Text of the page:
This became a bit of an issue over time. At any ‘liberated zone’/camp like this I’ve experienced dfficulties with antisocial behaviour, sexism and violence alongside the prevailing efforts by most to get along and share responsibility. This camp however had more than its fair share of this; one night an Afghan got cut in the chest with a knife by another migrant – some kind of dispute no one really managed to shed any light on – a fair few things were nicked out of tents including out of our kitchen (I’ve yet to check whether my favourite knife is still there.. fingers crossed); and a lot of women especially felt unsafe at the camp with incidents of men hanging round tents asking women if they could come in and sexual harassment. However in true DIY form women organised to improve this situation, taking turns patrolling the area.


Already in the run up to the camp you could find a whole host of ridiculous right wing news stories of violent anarchists intent on helping migrants flood Britain. This continued during the camp, and Peter Allan of the Daily Mail should be commended for his efforts; his headline in the Daily Mail before the camp claimed “Riot police descend on Calais as anarchists incite migrants to tear down border controls and make for Britain” followed by “Police arrest 47 anarchists threatening to lead swarms of illegal migrants through Channel tunnel to Britain” on Friday.

No such actions happened, of course, but people kept themselves busy. Campers went out to help with the regular voluntary food distribution, visited the jungles, helped resist the eviction in town of a building squatted by Eritreans (which did get evicted though in the end), leafletted in the town centre (which in a shiny example of overzealous policing resulted in 20 arrests!), and made graffittis. One morning 30 people went and locked on to and blockaded a nearby detention centre. One evening in the middle of serving dinner a bunch of people suddenly ran straight from the camp onto the motorway with some banners, then ran off back into the camp. The amassing cops shut down the motorway themselves then for at least an hour, and chucked smoke bombs and gas right into the campsite.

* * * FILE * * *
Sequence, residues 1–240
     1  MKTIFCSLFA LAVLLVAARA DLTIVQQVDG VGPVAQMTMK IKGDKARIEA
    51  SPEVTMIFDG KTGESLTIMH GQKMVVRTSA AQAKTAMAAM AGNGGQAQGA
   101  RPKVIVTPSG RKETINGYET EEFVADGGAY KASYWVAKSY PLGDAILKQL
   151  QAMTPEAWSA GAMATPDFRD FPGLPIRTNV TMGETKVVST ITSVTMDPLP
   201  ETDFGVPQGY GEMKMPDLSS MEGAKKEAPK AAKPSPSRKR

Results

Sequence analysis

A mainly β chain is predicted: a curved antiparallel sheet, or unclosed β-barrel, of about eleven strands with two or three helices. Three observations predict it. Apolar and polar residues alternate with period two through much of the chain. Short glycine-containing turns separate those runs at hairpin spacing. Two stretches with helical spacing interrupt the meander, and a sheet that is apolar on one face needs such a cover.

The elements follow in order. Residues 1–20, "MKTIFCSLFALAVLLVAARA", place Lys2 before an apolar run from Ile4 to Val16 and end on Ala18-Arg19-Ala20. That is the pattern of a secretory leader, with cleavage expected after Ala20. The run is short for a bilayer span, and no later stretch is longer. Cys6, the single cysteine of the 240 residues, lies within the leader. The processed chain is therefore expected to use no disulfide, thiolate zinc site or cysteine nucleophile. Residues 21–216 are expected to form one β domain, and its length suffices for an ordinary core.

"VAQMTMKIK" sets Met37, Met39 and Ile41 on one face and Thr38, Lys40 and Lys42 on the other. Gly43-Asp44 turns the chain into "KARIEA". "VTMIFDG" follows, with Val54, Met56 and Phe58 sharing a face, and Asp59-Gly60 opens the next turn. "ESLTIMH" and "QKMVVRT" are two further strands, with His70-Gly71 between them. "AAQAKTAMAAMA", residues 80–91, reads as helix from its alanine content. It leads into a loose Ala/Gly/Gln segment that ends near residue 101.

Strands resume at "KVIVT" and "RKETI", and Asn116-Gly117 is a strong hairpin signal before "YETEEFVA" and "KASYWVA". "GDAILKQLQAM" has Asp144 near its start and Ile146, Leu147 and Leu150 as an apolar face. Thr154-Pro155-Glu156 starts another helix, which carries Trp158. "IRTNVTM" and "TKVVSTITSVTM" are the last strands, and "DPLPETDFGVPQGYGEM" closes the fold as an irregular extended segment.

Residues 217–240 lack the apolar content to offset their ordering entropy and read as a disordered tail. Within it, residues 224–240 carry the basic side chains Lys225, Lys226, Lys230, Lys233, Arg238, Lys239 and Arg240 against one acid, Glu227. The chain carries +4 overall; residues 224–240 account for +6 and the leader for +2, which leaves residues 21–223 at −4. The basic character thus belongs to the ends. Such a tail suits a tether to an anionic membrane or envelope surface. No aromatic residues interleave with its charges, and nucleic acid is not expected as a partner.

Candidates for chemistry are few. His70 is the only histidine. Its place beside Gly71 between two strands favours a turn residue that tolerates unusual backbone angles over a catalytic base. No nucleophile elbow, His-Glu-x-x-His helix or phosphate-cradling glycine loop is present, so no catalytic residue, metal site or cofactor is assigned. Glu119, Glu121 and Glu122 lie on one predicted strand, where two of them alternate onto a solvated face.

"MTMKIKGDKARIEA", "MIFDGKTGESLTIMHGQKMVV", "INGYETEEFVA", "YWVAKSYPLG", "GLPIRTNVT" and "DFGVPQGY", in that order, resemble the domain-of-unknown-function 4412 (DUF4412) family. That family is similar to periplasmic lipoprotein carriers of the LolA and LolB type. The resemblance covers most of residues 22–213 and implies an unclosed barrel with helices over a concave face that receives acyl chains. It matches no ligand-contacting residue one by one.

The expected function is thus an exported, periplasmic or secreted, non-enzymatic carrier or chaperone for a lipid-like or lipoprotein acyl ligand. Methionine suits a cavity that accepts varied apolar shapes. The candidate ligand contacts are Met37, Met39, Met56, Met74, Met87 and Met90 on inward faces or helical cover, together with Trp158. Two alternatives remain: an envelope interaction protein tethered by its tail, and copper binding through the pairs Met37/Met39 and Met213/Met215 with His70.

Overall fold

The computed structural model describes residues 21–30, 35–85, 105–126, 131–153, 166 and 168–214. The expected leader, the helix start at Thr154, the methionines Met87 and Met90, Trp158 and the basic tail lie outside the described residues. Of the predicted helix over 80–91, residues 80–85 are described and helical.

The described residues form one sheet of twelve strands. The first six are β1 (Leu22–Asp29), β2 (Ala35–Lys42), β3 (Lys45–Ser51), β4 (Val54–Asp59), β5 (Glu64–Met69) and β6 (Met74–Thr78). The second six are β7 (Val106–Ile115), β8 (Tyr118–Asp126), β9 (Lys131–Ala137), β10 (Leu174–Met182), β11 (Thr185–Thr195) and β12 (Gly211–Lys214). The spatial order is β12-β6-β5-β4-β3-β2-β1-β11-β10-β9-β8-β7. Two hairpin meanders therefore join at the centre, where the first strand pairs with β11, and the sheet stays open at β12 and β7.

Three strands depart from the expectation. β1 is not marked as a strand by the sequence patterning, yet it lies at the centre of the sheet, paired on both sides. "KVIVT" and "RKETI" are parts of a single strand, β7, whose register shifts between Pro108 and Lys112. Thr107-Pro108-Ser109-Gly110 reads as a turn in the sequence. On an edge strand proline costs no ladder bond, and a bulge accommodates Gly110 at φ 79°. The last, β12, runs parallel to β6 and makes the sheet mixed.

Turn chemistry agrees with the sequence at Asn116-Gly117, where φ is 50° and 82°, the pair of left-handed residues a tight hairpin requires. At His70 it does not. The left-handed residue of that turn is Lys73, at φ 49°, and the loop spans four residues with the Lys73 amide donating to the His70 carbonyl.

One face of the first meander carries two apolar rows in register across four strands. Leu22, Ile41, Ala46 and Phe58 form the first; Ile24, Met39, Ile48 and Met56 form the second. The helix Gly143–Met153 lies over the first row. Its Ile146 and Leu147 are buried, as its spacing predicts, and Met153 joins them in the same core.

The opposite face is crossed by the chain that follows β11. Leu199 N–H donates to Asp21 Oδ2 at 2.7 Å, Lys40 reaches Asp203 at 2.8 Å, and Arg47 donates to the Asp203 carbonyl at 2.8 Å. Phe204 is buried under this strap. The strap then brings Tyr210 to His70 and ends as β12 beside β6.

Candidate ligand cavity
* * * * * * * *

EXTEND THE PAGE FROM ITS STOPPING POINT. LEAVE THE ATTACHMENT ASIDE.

People getting onto the motorway

People getting onto the motorway


The cops fire gas and smoke into the campsite

Saturday’s Demo


A large demonstration (’manifestation’ in Euro-speak) had been called for the Saturday. We stayed behind to cook (and in the resulting peaceful, deserted atmosphere on site, we engaged in a bit of necessary cleaning!) but this is what my mate who went told me:

“We left the campsite with about 400 people, in a big block to meet the demo; the cops wanted to search everyone and made a cordon, but so many people managed to get around it they gave up on the idea. They stopped people a couple more times, and randomly blocked routes, but let us get to the meeting point at the lighthouse in the end.


There was a loudspeaker van, a lot of French groups such as CNT-AIT (syndicalist union) and NPA (New Anticapitalist Party) and about 1000 to 1500 of us in all. The route that had been twice revised in the negotiations with the cops was a bit shit, it kept us out of the city centre and we wandered around deserted roads. The cops seemed to be expecting Strasbourg mark 2 with every bit of equipment you’ve ever seen – water cannon, full body armour, teargas launchers, mobile fencing, horses – and they blocked every side street. We were even followed by a fire engine – just in case! We ended up back at the lighthouse and there were some speeches and music.”